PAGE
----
geographically and personally relevant to local consumers abroad. to adopt Nike's future program. Nike could concentrate on developing its brand in the manner that they desire. Nike ad also created the ad “the wall”. Nike applied its marketing formula. Nike continued pushing the performance of its shoes and aired their first ad “just do it” the campaign marked the launch of a category. France. “The beastie boys” tour as the trip became known. Nike inventory control system also helped Nike to better gauge consumer response and plan production Nike sweetened its relationship with retailers such as foot looker by also giving them early look at new lines as well as the rights to exclusively sell certain models. Blending performance and attitude towards consumer through strategic product development endorsement and advertising. nevertheless now they had greater control over its marketing. After that there is second round of “just do it” advertising featured the highly acclaimed “be knows commercial”. By 1990 sales had surpassed $2 billion and Nike had reel aimed the market share from Reebok in the united state. Nike European history started in 1980.into the fashion segment. so successful in the united state was the harder sell n. cross training shoes. Nike spent 7 years of struggle to build its presence in Europe during this period Nike focused on aggressive and expensive shoes. European market consist of five primary markets Germany. To other categories including tennis and baseball Nike continued to launch product innovation with air huarche technology in 1991. designed for athletes who played more than one sport. The “just do it” campaign challenge a generation of athlete tic enthusiasts to chase their goal no matter how difficult or exclusive they might seem. Most importantly Nike advertising stayed true to its obsession with high performance. Form 1987 to 1991 kottkamp tried to get control on distributors and finally by the end of 1991 he had successfully regained control of 90% of Nike European distribution. whenever they wanted from the adidas warehouse.000 square foot . In 1987 they have run expensive advertising campaign to help assess Nike’s position and look for ways to take control of the Nike brand. In 1989 Nike attempted to blend centralized and localized work. To better consolidate its operation Nike built a $138 million. Italy. Nike wanted consumer to believe that they have the perfect shoes. At that time adidas was no 1 athletic shoe company in united state. Spain. Getting European retailer who were used to ordering whatever they wanted. Although Nike made a lot of efforts in the European market but they were not as much popular even they purchased the distributors licensing in Europe but nothing bring out the more fruits for the Nike. The most popular sport in Europe was soccer. 750. Although Nike faced a lot of successes and they did not spend the time and the money “authenticating” the brand in the united state the problem was that the Nike image was taken too fashion oriented and not performance oriented they created the more credibility by involving in the sponsorship during the 1994world cup individual contract with the players to wear the Nike shoes. track and field and tennis. It was also the aim of the Nike to become seen as more culturally.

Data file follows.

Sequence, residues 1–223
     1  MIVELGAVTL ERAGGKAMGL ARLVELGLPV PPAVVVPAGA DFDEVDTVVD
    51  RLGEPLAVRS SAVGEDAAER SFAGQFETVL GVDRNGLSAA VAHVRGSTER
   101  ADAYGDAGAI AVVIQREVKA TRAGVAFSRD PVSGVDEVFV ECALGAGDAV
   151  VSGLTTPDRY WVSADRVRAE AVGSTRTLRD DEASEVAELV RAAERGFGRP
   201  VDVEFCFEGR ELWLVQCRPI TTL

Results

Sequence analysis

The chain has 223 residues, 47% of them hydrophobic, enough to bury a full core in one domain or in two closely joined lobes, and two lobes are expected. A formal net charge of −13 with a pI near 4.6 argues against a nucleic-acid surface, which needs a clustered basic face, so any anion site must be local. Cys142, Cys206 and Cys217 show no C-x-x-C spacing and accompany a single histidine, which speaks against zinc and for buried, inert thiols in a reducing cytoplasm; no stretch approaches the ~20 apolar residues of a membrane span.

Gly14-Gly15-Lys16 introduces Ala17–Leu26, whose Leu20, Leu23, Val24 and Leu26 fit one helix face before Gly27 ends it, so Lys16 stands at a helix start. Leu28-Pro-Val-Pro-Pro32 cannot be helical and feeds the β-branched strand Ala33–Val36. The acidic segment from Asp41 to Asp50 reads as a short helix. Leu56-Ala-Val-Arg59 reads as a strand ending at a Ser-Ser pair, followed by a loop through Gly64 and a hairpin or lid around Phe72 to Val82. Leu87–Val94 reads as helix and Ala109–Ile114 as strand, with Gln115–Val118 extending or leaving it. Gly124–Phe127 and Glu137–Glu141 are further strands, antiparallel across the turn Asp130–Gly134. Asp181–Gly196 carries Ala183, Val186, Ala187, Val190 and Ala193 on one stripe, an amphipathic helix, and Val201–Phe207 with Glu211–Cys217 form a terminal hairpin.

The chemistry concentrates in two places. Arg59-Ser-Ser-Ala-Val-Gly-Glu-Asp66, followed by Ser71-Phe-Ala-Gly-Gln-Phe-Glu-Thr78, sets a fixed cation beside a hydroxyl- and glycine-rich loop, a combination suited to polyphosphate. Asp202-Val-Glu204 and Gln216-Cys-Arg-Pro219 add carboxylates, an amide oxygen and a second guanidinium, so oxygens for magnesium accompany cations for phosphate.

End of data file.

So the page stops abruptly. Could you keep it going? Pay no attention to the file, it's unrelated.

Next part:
collective bargaining agents WEAKNESSES . apparel. SWOT ANALYSIS v Strength v Weaknesses v Opportunities v Threats STRENGTHS · Nike is enjoying strong brand equity among their customers · Company have good relationship with suppliers and vendors · Production system process. Nike's innovative product development.centralized distribution center in lakdaal Belgium / lakdal Belgium.5 billion company to $12 billion by decade ends and to manage as one brand around the world. putting out more than one shoe style. on average. Throughout the 1990 Nike marketing and advertising program was able in its own marketing terms. Finally in 1996 knight publicly set a corporate goal of growing the $6. every day and bold advertising demonstrated that the brand was as much about attitude and imagery as shoes and clothing. sports marketing and retail while maintaining relatively constant retail distribution and premium pricing strategies. advertising. procedures. To meet its corporate goal of “enhancing people lives through sports and fitness “ and “keeping the magic of sport alive” Nike's unique approach creatively blended footwear. reflect the element of excellence · Strong brand recognition · Internet sales · Growing international presence · Superior research and development department · Strong financial returns · Strong sense of culture in the working environment · Great celebrity spokespersons · Automatic replenishment system · Successful experience being competitive · Nike doesn’t own any factories · Successful marketing campaigns · Nike is enjoying competitive advantage over their competitors by sheer dominance · Company is maintaining good company relationship with labor.